When I moved to Wellington in 2003, this came too, and continued to languish in the corner while I fumbled around teaching myself things. Finally, in about 2005, I started going to weekly sewing group, which was amazing! It was a small group, and was not quite a sewing class. Each person made their own projects in their own way, but the teacher would provide advice, guidance, bail you out off difficulty, and provide some specialist tools. I decided to exploit her knowledge and asked her to help me fix this top. I dug it out and we had a look at it.

I used Vogue 7234 because I loved the panelling and princess seam details. The panelled nature of the top was my saving grace. I picked it all apart, and reconstructed it using 0.5cm seam allowances, and miraculously it fit! The suuuuper stretchiness was my other saving grace (are you allowed two? I’m having tw0). It’s a very forgiving fabric and this helps get the fit just right, without mock-up or adjustments (other than seam allowance). So between the changes it fit and I was stoked!

But… something still wasn’t right. The underarms gaped. So we shortened the straps slightly. They still gaped. We shortened. They gaped. Shortened. By now there was no more left to shorten  and it still gaped, so I abandoned it to my sewing cupboard, thinking I’d figure it out one day.

Stolen from the internet so I don't have to photo it, and uploaded to distract from a lack of photos

Stolen from the internet so I don’t have to photo it, and uploaded to distract from a lack of photos

I was privileged to meet MrsC and co-adopt each other in 2008. At some stage over the next year or two it occurred to me to ask Maryanne for her ideas on the technostretch top. Like the guru she is, she told me how to fix it! The top is faced with narrow binding and this had stretched a bit.  So I laboriously unpicked the binding and used her magical tape technique to stabilise the underarms. Tadah! It was now sitting great!

This highlighted to me the benefit of having lots of sewing mentors; and the difference experience makes. My teacher was a very experienced RTW machinist and taught at a fashion institute. She told stories of how when she started she had to sew 40 collars, 40 cuffs, 40 plackets, etc etc, and get them all perfect before she was allowed to start assembling garments. But as a RTW machinist, she’d never really had to worry about fit. MrsC on the other hand had garnered her experience from, amongst other things, theatre and custom bridal, where every garment is made to fit someone. She has all the tricks to making one garment conform to its matching body.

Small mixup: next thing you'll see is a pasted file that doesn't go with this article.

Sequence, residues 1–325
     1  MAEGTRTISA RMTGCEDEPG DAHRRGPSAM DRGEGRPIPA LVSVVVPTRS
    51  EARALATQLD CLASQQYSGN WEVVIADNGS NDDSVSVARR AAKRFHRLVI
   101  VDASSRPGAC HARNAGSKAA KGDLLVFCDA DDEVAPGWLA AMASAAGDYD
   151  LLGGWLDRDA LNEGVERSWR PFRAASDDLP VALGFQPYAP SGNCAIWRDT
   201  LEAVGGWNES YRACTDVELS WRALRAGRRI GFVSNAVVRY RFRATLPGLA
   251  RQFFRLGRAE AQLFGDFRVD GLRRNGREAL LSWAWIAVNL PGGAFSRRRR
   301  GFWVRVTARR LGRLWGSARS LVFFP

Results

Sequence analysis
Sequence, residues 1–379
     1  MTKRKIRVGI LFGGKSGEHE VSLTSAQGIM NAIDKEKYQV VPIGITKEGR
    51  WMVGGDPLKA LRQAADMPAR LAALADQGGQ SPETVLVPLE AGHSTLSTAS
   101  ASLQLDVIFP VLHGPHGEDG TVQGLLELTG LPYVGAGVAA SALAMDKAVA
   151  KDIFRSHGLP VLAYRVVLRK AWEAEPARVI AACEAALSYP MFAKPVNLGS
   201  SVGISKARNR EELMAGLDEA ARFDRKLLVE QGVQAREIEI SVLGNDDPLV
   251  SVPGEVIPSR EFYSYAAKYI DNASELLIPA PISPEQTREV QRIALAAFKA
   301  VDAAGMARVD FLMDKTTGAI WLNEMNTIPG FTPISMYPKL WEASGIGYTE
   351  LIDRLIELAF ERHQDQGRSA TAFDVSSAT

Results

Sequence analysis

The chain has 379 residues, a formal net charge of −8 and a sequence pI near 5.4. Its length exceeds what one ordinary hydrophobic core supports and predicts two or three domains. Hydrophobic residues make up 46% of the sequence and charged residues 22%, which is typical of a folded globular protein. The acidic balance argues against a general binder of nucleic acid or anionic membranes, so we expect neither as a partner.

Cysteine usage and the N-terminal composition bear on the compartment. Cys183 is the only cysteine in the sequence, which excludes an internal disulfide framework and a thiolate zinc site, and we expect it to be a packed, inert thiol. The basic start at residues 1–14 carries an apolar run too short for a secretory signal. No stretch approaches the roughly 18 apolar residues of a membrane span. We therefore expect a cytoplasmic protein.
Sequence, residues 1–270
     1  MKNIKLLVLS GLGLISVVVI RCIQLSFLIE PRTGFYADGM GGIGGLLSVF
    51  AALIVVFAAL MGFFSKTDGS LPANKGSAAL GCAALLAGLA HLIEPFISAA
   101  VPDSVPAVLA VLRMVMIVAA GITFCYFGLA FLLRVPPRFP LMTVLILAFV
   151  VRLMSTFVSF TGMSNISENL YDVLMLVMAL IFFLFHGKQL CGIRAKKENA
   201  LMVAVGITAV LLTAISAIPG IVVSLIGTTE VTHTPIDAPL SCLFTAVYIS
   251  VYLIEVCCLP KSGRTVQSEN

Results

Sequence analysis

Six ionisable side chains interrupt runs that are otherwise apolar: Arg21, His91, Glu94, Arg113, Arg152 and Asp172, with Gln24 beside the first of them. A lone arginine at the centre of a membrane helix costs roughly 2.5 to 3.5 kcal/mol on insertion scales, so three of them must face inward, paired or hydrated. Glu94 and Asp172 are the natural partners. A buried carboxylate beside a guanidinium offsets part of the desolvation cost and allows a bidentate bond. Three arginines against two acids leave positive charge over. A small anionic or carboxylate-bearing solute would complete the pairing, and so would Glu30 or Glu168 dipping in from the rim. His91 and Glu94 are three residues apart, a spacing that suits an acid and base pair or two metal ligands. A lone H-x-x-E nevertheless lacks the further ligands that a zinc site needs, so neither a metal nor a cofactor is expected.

Once again heaps of thanks to Sarah for taking all my photos!

Once again heaps of thanks to Sarah for taking all my photos!

The downside of solving the underarm gape was that I realised the strap shortening meant the underarm binding now sat right up in my pits, slowly rubbing and driving me crazy. ARGH! Luckily one of the things I was taught a long time ago is never to throw out your scraps until a garment is completed (and I tend to hold onto them even longer than that). I had no scraps long enough to cut new straps BUT I did have one actual strap I’d made and left scorch marks on when pressing! I’d also recently  bought some rectangular rings** for bag making wit mum, and I realised that that was the solution! But the rings were at Mum’s in Auckland, and she didn’t know where they were. And I forgot to dig them out when I was next at her place. And forgot the time after that. And forgot and forgot etc etc yadah yadah yadah.

Finally, she found them and posted them to me! Yay! Of course, I then lost them for at least six months. And then sat on the project awaiting motivation for another, oh I don’t know, year, or two, or three.

And then about March I finally dragged the top out, unpicked the two straps at the front, sliced off the scorched part of my surplus strap, sliced the remnant in half and inserted the halves. Then I figured out where the rings go, cut off the surplus, stitched them in place, and WHOLLY FREAKING MOLY I FINISHED IT!!!!!!!!!!!!!!!!!!!!!

Of course, I then realised that the scorched strap was ever so slightly wider than the new two. And the straps are fractionally too long now. And it doesn’t quiiiiite have enough room for my ass so it rides up a bit at the back.

Butt induced wrinkles

Butt induced wrinkles

Don’t care. DON’T CARE. It is done and I love it. Now I just need summer to get here so I can wear it on days that aren’t freak weather anomalies! (Who am i kidding. It’s Wellington – I’ll need freak weather anomalies during summer too!)

**I am aware that by their very nature rectangular rings can’t be rings. But I don’t know what else to call them!

I'm still feeling guilty about the lack of photos, so here is Minerva being adorable. This is the chair in my sewing room she likes to sleep in while I work.

I’m still feeling guilty about the lack of photos, so here is Minerva being adorable. This is the chair in my sewing room she likes to sleep in while I work.

 

Follow

Get every new post delivered to your Inbox.

Join 41 other followers